Body size is a major factor affecting efficiency of energy use. Larger organisms have greater energy requirements than do smaller organisms. However, smaller organisms with larger surface area-to-volume ratios are more vulnerable to heat loss than are larger organisms. Accordingly, maintenance energy expenditure per unit body mass decreases with increasing body size (Phillipson 1981). In addition, larger organisms tend to use energy more efficiently during movement and resource acquisition, have a competitive advantage in cases of direct aggression, and have greater immunity from predators (Ernsting and van der Werf 1988, Heinrich 1979, Phillipson 1981, Streams 1994), reducing relative energy expenditures for these activities.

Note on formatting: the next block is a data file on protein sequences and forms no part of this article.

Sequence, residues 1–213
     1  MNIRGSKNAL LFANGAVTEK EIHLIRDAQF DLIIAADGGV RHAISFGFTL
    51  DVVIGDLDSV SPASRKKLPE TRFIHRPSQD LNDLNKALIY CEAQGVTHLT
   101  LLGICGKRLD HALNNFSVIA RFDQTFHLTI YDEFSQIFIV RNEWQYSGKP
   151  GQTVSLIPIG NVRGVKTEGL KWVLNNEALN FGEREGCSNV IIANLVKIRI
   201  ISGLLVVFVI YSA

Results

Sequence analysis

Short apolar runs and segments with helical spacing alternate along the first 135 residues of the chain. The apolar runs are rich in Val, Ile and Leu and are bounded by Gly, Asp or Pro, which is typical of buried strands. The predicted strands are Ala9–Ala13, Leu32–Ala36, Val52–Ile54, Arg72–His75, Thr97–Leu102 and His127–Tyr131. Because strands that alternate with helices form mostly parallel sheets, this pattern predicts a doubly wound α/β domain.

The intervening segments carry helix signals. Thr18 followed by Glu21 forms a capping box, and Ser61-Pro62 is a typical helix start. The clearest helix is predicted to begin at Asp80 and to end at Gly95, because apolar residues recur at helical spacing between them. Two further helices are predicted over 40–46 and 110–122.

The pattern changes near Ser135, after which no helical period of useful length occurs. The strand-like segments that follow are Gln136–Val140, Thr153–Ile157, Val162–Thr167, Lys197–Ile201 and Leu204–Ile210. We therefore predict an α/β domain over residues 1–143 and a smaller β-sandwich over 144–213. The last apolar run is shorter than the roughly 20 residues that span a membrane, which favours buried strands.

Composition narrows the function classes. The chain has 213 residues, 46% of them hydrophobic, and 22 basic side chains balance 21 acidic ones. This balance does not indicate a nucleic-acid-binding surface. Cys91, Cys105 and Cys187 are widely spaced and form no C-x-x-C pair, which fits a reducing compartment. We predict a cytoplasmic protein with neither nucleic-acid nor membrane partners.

Physiological condition, including the general vigor of the insect as affected by parasites, also influences food requirements and assimilation efficiency. For example, hunger may induce increased effort to gain resources that would be ignored by less desperate individuals (Ernsting and van der Werf 1988, Holling 1965, Iwasaki 1990,1991, Richter 1990, Streams 1994). Slansky (1978) reported that cabbage white butterfly larvae parasitized by Apanteles glomeratus (Hymenoptera) increased food consumption, growth rate, and nitrogen assimilation efficiency. Schowalter and Crossley (1982) found that Madagascar hissing cockroaches, Gromphadorhina portentosa, with associated mites, Gromphadorholaelaps schaeferi, had a significantly greater egestion rate than did cockroaches with mites excluded, although assimilation efficiency did not differ significantly between mite-infested and mite-free cockroaches (Fig. 4.13).
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